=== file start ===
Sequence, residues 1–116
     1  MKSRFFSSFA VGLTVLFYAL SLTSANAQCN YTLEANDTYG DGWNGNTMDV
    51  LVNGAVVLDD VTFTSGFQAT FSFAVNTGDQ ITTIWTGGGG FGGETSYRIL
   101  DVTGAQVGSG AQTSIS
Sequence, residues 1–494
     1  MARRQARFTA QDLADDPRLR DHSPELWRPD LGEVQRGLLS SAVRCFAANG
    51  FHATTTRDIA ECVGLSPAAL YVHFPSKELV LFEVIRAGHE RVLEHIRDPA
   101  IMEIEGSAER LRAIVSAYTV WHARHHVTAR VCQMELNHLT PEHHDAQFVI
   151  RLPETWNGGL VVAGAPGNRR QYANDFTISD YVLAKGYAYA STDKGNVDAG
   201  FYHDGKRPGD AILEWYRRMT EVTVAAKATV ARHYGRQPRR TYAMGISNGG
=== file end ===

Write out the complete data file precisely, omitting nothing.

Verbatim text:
Sequence, residues 1–116
     1  MKSRFFSSFA VGLTVLFYAL SLTSANAQCN YTLEANDTYG DGWNGNTMDV
    51  LVNGAVVLDD VTFTSGFQAT FSFAVNTGDQ ITTIWTGGGG FGGETSYRIL
   101  DVTGAQVGSG AQTSIS
Sequence, residues 1–494
     1  MARRQARFTA QDLADDPRLR DHSPELWRPD LGEVQRGLLS SAVRCFAANG
    51  FHATTTRDIA ECVGLSPAAL YVHFPSKELV LFEVIRAGHE RVLEHIRDPA
   101  IMEIEGSAER LRAIVSAYTV WHARHHVTAR VCQMELNHLT PEHHDAQFVI
   151  RLPETWNGGL VVAGAPGNRR QYANDFTISD YVLAKGYAYA STDKGNVDAG
   201  FYHDGKRPGD AILEWYRRMT EVTVAAKATV ARHYGRQPRR TYAMGISNGG